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Ken Lopez founded A2L Consulting in 1995. The firm has since worked with litigators from all major law firms on more than 10,000 cases with over $2 trillion cumulatively at stake.  The A2L team is comprised of psychologists, jury consultants, trial consultants, litigation consultants, attorneys and information designers who provide jury consulting, litigation graphics and trial technology.  Ken Lopez can be reached at

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Ryan H. Flax, Esq., Managing Director, Litigation Consulting, joined A2L Consulting on the heels of practicing Intellectual Property (IP) law as part of the Intellectual Property team at Dickstein Shapiro LLP, a national law firm based in Washington, DC.  Over the course of his career, Ryan has obtained jury verdicts totaling well over $1 billion in damages on behalf of his clients and has helped clients navigate the turbulent waters of their competitors’ patents.  Ryan can be reached at

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24 Mistakes That Make For a DeMONSTERative Evidence Nightmare



demontrative evidence demonsterative halloween demonsteritive evidenceby Ken Lopez
Founder & CEO
A2L Consulting

Happy Halloween. This article will help you avoid some common mistakes of demonstrative evidence so that you do not put the "monster" in "demonstrative."

Demonstrative evidence is a general term for evidence introduced in litigation that is neither spoken testimony nor “real” evidence like an actual murder weapon. Demonstrative evidence is introduced in order to make evidence and facts in a case easier for the judge or jury to understand.

Examples of demonstrative evidence include charts, timelines, scale models, photo enlargements, animations, films, videos, checklist exhibits, and Powerpoint presentations.

Here are some common mistakes to avoid.

  1. Waiting until it is too late. From the very beginning, plan your case with an eye toward its presentation to a jury. See our article on using a dual-track strategy in trial preparation.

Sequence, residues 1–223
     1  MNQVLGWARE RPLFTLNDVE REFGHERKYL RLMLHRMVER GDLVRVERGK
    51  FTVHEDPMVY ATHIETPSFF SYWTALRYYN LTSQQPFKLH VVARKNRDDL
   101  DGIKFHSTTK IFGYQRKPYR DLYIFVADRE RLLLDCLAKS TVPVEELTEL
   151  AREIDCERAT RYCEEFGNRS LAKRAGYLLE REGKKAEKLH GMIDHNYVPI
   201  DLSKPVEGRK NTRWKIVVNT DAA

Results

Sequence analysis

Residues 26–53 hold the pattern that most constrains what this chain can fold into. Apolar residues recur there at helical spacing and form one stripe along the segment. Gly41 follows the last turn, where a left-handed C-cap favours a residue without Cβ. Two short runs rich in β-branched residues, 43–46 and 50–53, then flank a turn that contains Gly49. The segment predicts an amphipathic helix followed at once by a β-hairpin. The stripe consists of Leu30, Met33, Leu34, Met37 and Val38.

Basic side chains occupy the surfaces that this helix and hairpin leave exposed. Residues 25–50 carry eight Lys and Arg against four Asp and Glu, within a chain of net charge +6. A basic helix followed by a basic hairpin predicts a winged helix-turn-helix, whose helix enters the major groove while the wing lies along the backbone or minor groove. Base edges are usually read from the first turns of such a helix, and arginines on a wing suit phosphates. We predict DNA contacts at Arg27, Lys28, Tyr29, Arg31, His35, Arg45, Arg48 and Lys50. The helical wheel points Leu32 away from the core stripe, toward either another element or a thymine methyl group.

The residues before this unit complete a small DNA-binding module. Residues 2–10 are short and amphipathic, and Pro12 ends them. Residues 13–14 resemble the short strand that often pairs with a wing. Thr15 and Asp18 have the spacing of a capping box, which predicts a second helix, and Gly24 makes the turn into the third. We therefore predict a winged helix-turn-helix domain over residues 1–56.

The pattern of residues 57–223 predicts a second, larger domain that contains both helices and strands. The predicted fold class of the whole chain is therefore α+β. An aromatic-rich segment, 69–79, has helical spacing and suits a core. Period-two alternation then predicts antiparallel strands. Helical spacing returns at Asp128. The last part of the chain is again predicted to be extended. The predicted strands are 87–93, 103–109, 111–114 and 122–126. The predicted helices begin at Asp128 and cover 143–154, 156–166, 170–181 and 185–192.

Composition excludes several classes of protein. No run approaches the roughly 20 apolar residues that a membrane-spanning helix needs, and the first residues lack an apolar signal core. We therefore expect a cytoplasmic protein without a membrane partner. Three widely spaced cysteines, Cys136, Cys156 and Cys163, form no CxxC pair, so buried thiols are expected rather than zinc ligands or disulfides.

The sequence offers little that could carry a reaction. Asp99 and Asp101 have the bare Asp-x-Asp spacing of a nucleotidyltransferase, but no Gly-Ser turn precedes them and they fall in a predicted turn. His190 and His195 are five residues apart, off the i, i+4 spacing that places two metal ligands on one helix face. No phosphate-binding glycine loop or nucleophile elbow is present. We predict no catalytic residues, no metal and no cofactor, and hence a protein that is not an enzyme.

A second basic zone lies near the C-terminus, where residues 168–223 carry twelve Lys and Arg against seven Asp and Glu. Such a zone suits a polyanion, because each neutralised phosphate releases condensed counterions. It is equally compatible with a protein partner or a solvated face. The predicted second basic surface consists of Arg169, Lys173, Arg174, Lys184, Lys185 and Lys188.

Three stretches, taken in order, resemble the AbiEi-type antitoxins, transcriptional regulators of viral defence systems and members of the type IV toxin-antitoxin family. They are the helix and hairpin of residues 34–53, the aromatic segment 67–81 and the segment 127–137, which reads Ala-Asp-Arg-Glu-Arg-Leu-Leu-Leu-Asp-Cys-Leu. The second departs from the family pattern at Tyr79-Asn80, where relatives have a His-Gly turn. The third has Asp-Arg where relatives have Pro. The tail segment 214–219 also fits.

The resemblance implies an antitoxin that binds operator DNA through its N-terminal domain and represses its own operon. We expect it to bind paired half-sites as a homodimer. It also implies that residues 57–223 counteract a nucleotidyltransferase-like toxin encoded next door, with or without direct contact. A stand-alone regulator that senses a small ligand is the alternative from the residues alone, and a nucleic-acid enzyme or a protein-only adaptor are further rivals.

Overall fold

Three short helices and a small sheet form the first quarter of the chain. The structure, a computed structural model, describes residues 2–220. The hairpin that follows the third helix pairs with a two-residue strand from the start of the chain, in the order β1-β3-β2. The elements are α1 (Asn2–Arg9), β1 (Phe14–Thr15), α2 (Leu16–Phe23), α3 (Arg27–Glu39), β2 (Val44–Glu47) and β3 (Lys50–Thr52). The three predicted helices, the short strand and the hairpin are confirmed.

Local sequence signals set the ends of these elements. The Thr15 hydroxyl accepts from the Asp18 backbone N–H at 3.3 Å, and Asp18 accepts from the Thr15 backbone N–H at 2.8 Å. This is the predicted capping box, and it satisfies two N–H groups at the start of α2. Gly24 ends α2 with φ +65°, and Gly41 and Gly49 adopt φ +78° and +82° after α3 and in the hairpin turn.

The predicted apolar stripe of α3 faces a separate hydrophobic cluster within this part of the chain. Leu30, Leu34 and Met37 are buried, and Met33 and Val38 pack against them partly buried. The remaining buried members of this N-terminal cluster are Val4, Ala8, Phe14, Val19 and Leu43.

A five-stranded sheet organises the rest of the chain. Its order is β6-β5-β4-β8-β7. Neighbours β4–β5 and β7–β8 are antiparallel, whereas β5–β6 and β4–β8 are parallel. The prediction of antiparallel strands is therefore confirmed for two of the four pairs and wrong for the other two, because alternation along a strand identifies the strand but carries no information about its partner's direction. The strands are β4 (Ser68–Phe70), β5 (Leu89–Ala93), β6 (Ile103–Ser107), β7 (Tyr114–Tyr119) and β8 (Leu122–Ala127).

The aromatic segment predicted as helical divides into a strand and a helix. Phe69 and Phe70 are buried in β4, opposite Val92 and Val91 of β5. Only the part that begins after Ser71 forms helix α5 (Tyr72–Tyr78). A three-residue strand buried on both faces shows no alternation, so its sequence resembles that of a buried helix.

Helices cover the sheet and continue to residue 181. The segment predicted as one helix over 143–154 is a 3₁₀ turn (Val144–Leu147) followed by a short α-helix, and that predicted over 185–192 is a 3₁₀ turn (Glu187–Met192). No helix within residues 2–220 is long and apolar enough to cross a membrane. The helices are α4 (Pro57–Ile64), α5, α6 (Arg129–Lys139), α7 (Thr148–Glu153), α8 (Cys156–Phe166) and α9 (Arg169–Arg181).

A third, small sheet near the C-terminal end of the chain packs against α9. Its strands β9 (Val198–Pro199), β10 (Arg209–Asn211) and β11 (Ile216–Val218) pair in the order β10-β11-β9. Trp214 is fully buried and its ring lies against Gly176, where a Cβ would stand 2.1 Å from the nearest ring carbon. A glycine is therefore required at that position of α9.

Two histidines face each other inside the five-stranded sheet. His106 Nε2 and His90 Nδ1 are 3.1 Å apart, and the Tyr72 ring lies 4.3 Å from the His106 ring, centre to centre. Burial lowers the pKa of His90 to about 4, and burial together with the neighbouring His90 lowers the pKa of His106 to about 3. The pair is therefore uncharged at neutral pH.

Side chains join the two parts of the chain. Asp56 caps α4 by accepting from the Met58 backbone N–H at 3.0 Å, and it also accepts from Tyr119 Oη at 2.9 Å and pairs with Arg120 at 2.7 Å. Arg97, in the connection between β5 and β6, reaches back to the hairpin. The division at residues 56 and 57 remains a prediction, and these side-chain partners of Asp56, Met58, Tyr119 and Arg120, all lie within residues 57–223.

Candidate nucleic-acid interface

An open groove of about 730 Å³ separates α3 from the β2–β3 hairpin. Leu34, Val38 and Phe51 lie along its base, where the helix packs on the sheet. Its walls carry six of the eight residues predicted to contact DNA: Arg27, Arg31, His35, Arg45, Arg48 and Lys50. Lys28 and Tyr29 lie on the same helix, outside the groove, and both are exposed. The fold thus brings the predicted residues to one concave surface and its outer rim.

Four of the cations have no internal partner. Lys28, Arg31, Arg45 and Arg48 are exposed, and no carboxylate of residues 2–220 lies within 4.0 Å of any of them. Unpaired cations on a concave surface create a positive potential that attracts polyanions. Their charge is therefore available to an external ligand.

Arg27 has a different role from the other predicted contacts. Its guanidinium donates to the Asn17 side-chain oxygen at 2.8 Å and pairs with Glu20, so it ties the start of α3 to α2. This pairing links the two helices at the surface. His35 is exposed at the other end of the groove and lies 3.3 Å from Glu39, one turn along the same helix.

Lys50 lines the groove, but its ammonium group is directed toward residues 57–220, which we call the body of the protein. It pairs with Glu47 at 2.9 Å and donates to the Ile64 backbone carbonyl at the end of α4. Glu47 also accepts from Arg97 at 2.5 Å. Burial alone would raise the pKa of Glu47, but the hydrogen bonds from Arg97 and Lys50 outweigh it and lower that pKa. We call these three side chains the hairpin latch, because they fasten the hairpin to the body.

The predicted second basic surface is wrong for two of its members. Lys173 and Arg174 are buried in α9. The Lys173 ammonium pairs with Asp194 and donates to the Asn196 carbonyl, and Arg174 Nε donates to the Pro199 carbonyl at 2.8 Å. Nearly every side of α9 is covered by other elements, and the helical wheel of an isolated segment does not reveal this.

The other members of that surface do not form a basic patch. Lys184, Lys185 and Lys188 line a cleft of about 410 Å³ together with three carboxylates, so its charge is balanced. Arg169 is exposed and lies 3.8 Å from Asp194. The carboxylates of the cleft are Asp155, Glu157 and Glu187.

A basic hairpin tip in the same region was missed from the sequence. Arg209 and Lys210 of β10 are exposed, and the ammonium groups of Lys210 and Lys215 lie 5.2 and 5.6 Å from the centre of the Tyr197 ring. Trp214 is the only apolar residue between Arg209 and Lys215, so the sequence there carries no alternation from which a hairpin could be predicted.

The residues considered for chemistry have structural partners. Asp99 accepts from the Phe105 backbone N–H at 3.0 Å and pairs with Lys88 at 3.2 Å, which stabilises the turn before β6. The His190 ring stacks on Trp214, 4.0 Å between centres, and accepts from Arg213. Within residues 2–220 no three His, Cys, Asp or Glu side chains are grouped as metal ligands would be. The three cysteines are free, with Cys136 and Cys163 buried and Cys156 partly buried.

2. Cheating on your charts. There are many ways to lie using charts, including axis changes, using logarithmic scales, cherry picking data, and much more. These “black-hat” techniques are not only inappropriate but if you get caught, they are likely to draw sanctions or worse.
  3. Glossing over details in an animation and not getting it admitted. Remember – everything must pass muster under the relevant rules of evidence. Here is an article discussing how to get courtroom animation admitted in 6 easy steps.

  4. Using legends and keys. I first learned this simple notion from Edward Tufte, and it is surprisingly powerful. Most of the time, you can avoid using a legend or key on a chart.  There is rarely a good reason to use them when simple labeling can replace a legend or key. Tufte correctly calls such elements "chartjunk."
  5. Using garish colors or culturally inappropriate colors. Remember, in this decade, jurors are looking for a high-quality presentation. Also, remember that not every juror has been raised in a country that associates red with stop or green with go. Here is an article on trial graphics, color and culture.

  6. Failing to tell a story. In a complex case, jurors will tend to simplify and “do what is right.” They will remember a believable story, but you must remember to tell one - just as we discussed in the Apple v. Samsung case.
  7. Forgetting to mix your media. Printed and mounted foam core trial boards still have a place in a high-tech world as do scale models for litigation.
  8. Failing to work with expert witnesses to prepare demonstrative evidence. A well-prepared expert witness is invaluable; one who is not well prepared can be a disaster. As much as an expert firm will insist they can prepare demonstratives, it is always best to have expert witnesses work with litigation graphics experts.
  9. Asking your law firm associate to make charts. A professional trial graphics consultant will add graphic design skill and a degree of litigation experience that most attorneys won’t normally have. It is not a good idea to have your associates and paralegals prepare demonstratives, and this article explains why.